What’s different about these two quotes?

Democratic President Barack Obama:

“If you were successful, somebody along the line gave you some help. There was a great teacher somewhere in your life. Somebody helped to create this unbelievable American system that we have that allowed you to thrive. Somebody invested in roads and bridges. If you’ve got a business, you didn’t build that. Somebody else made that happen. The Internet didn’t get invented on its own. Government research created the Internet so that all the companies could make money off the Internet.

The point is, is that when we succeed, we succeed because of our individual initiative, but also because we do things together.”

Republican presidential nominee Mitt Romney:

“There are a lot of people in government who help us and allow us to have an economy that works and allow entrepenuers and business leaders of various kinds to start businesses and create jobs. We all recognize that. That’s an important thing.


I know that you recognize that a lot of people help you in a business. Perhaps the banks, the investors. There’s no question your mom and dad. Your school teachers. The people that provide roads, the fire, and the police. A lot of people help.”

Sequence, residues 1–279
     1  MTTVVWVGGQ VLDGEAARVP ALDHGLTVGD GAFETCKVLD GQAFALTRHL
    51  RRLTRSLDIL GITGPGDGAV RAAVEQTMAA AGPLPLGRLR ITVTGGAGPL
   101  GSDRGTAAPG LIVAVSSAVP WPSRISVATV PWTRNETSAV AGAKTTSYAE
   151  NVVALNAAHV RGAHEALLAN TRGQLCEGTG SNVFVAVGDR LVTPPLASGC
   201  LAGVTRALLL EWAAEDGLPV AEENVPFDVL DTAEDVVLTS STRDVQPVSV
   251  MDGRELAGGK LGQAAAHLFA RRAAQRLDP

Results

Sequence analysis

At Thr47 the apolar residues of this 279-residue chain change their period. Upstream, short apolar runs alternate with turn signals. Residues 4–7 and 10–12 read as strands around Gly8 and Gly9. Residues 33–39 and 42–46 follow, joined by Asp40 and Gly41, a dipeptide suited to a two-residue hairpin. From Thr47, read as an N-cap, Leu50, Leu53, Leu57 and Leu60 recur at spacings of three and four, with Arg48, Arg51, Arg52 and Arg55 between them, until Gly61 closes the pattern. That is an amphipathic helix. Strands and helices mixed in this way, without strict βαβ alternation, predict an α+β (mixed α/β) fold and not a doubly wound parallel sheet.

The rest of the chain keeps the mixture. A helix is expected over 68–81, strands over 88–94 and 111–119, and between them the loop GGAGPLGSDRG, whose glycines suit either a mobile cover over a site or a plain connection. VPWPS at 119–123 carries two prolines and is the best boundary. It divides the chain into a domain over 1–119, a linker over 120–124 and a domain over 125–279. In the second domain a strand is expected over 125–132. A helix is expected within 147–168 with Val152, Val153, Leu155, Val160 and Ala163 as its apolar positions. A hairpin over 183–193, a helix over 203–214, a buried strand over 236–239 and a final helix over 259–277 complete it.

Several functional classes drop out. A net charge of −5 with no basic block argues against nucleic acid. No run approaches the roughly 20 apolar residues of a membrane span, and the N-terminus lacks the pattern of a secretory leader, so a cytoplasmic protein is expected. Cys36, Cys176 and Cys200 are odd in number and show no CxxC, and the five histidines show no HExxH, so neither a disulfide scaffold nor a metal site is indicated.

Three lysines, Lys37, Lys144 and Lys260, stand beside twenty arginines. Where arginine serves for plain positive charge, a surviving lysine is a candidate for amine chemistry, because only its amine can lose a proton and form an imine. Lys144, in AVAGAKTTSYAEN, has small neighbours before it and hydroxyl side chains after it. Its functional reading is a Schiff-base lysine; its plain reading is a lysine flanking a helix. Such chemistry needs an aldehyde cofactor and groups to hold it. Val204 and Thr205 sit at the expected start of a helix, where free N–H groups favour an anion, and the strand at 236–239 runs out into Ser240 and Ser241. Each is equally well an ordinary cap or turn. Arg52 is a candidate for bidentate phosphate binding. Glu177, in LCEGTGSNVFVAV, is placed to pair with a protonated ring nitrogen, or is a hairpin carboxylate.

While many Republicans – including Mitt Romney – have attacked President Obama for his comments (while using an out-of-context snippet of the full comments), Mitt Romney hasn’t come under the same fire for his comments, which really express the same thoughts as President Obama.

Clearly Republicans are being overtaken by Obama Derangement Syndrome (ODS), because any rational person understands that without help from the government – help that comes in the form of infrastructure, fire & police protection, laws and regulations governing criminal behavior and appropriate business practices, and an educated workforce (just to name a few) businesses large and small wouldn’t be able to thrive in our nation. The fact is, government has a role in our lives and our economy – and it’s an important role at that.